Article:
First off, thank you for having me, Rosie. I’m excited to be here. I am a Millennial. I didn’t graduate too long ago. One of the main challenges is the age gap within the industry. That is a big one. I’m starting off in a career where it’s mostly male, but those males are probably of an average age of 50. That is a challenge of getting that credibility as well, being more compared to as a child. It was a struggle that I dealt with when I first started gaining that credibility.
Having to maybe even appear older than I am. Those are more of the challenges that I’m facing. I still do face it every day meeting someone new. Going into a restaurant meeting with my clients or brokers here and there. They don’t expect it sometimes. Sometimes I might sound older on the phone as well. That is a challenge being a Millennial in the industry that I am in now.
There was a poll that I read that 36% of the younger Millennials, because now Millennials are split with the older Millennials and the younger Millennials, are experiencing ageism at work. For the first time in the history of the world, we have Baby Boomers all the way down to those Gen Z-ers or whatever they’re being called nowadays like the newbie people.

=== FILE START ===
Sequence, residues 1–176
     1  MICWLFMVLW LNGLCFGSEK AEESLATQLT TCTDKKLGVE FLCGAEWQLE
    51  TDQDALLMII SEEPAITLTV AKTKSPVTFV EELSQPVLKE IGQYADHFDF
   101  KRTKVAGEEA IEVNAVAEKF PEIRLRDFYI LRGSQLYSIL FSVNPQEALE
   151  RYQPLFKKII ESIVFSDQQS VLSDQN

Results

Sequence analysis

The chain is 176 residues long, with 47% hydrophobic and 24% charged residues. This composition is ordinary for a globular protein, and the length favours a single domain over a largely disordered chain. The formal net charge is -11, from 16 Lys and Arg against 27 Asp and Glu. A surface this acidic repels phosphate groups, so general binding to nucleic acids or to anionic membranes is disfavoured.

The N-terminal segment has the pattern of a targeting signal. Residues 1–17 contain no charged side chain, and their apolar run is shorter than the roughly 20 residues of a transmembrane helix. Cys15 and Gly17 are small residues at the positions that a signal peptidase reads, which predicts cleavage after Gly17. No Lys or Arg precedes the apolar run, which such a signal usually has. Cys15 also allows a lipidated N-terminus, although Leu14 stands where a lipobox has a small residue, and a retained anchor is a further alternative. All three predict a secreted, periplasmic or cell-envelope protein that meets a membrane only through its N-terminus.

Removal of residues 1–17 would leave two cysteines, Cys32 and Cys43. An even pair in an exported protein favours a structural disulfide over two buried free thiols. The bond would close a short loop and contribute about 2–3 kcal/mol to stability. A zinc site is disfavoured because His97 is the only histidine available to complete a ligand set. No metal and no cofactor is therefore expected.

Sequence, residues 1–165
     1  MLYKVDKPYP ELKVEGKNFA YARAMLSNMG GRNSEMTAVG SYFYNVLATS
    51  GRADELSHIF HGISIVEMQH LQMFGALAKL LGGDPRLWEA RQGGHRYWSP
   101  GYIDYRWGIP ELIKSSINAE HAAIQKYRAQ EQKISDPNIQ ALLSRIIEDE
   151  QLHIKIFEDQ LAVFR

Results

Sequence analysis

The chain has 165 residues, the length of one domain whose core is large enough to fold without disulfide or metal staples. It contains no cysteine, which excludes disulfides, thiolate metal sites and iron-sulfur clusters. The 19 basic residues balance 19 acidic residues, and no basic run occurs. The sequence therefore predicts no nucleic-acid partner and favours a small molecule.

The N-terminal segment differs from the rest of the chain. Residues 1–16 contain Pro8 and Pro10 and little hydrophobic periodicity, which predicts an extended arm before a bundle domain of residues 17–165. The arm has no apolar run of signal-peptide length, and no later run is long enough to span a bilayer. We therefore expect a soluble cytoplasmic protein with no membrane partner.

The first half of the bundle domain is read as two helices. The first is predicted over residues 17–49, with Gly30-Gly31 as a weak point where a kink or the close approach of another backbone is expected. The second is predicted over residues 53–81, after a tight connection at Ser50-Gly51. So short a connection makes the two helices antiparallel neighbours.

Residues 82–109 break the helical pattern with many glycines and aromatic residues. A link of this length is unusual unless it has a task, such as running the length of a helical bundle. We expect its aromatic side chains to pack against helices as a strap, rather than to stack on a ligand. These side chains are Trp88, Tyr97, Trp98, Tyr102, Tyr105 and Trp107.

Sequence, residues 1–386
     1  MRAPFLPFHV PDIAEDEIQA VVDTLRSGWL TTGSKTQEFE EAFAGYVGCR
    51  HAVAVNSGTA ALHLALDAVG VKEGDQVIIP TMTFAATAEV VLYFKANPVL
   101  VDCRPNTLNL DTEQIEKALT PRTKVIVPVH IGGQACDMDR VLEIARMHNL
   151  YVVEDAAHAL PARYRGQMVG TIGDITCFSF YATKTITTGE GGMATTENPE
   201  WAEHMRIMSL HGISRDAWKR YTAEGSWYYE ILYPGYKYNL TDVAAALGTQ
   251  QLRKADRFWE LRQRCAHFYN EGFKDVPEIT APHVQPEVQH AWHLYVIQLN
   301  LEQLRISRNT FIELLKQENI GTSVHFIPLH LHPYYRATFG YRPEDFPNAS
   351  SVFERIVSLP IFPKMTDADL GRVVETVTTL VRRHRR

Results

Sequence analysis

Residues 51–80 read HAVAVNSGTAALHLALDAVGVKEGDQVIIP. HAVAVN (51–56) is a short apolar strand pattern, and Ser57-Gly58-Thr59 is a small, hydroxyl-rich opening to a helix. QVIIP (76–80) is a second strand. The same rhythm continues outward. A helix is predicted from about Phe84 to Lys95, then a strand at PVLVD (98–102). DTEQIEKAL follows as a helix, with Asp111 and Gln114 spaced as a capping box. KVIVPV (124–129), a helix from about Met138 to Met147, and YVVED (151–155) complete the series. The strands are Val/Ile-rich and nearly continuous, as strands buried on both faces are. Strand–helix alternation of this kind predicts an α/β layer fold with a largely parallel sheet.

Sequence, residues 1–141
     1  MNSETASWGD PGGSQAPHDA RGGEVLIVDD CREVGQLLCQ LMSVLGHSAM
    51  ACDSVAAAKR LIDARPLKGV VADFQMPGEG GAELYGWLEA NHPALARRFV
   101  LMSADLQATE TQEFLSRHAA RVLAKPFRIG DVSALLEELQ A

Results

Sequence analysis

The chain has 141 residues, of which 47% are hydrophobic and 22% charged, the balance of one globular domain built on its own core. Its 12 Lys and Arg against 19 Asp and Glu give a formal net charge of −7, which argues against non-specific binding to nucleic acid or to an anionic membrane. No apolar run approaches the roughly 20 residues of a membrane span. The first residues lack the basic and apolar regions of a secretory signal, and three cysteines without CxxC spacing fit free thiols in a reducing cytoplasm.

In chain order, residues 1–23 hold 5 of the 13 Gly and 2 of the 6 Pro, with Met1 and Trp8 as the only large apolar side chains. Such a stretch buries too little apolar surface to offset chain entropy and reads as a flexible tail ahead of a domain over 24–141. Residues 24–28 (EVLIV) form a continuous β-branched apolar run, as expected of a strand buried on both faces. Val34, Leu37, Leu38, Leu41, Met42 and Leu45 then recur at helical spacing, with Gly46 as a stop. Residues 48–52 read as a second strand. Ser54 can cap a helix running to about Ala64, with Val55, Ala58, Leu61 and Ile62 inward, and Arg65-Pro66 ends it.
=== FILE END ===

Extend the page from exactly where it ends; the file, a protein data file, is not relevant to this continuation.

Ageism is going to be one of the biggest challenges that Millennials deal with. You’ve been in the workforce for a few years and you’re still dealing with it. Let’s talk a little bit about ageism at work first, meaning inside your office with your coworkers, and then we can transition and talk a little bit about it with external clients. When you are at work and someone says something to you about your age, how do you respond? What do you say? Do you even address it?
With my company, it hasn’t been that much of a challenge given the age because a lot of companies have gone into the training right out of college, which has been a huge step, but some companies have not as well. Even deciding on a career for a company to give someone that opportunity right out of college is great. I don’t ever get the question of the age, they put it in the experience you have. It’s the rewording of that question.